Away from civilization
They may be visually stunning, but cliff-top temples were typically not built with architectural beauty in mind. Instead, some of most famously located monasteries — like these in Meteora, Greece — were built so that monks could protect themselves from the kind of political upheaval that was so common in the Middle Ages. The builders of another religious complex, the Paro Taktsang in Bhutan, chose their construction site because it was adjacent to a network of caves where early Buddhist figures had meditated and lived.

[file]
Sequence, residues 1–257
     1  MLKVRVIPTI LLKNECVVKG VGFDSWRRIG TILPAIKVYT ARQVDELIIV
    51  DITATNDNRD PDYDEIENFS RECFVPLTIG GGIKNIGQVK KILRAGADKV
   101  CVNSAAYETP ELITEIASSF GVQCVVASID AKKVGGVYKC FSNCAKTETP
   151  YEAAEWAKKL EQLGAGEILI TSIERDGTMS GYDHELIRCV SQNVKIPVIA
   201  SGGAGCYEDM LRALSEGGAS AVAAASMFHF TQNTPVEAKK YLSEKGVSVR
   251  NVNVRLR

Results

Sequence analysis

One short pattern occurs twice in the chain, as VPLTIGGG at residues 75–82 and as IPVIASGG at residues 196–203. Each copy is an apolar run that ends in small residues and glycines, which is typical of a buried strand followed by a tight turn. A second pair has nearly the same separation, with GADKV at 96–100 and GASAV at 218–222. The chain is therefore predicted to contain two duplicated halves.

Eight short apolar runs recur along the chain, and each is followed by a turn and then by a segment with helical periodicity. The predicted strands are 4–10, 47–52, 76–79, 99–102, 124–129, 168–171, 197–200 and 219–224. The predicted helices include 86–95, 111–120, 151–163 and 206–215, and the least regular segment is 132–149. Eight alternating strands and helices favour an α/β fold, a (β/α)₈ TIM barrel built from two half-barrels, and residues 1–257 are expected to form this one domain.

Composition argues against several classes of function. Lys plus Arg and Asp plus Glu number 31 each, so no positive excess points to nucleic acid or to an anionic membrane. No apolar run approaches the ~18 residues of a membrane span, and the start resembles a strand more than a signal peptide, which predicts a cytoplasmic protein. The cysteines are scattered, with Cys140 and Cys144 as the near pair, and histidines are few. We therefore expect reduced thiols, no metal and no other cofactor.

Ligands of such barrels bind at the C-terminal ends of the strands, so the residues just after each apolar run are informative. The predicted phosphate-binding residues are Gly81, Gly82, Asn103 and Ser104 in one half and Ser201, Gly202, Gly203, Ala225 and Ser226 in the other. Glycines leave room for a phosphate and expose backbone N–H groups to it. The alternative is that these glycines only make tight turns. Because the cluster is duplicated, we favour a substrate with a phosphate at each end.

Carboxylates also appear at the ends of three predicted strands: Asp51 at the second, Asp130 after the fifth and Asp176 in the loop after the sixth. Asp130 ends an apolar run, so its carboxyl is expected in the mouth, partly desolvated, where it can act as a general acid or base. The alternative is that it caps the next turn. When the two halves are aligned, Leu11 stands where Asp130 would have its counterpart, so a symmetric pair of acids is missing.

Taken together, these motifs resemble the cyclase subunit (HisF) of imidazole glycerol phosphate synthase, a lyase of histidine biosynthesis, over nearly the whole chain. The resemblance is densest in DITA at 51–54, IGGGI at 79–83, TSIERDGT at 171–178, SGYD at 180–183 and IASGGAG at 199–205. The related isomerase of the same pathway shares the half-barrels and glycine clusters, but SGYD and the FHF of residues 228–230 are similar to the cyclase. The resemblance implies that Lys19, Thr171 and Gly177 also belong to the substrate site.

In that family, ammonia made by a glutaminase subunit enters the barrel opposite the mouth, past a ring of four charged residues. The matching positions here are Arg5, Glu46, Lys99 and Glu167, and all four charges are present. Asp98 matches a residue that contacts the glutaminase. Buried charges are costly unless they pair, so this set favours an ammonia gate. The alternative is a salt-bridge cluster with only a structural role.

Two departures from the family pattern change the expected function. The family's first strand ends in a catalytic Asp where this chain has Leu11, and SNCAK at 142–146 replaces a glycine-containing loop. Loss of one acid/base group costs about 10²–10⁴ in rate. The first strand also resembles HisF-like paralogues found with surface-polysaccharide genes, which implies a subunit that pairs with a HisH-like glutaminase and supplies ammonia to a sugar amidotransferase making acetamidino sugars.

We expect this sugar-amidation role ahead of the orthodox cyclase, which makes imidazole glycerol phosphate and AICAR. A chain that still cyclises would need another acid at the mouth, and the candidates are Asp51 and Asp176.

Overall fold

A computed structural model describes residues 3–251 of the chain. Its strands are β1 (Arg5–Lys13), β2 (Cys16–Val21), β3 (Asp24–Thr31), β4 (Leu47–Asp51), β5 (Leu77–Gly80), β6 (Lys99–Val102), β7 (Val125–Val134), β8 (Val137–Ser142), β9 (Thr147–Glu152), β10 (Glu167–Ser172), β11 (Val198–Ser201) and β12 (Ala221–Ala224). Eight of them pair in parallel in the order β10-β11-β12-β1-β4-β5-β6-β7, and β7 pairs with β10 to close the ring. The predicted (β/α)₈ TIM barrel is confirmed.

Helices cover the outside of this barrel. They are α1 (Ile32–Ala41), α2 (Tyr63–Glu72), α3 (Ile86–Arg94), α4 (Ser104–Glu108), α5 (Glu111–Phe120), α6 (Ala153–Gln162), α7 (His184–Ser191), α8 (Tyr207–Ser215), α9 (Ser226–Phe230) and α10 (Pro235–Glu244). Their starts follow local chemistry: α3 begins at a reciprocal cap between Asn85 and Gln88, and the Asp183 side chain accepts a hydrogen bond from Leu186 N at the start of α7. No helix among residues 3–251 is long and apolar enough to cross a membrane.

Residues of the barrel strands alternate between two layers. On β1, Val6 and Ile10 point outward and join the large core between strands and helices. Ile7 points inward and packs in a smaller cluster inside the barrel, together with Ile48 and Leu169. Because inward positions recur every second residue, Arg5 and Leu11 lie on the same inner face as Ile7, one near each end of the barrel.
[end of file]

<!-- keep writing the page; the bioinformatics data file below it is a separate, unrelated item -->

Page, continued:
Today, some mountainside temples are off-limits for safety reasons. Others still hold cultural or religious significance and are either closed to the public or only partially open. Some still welcome visitors including pilgrims and those willing to display the requisite level of respect.
Here is a selection of clifftop structures that are significant for religious and historical reasons — and for the sheer drop-offs that surround them.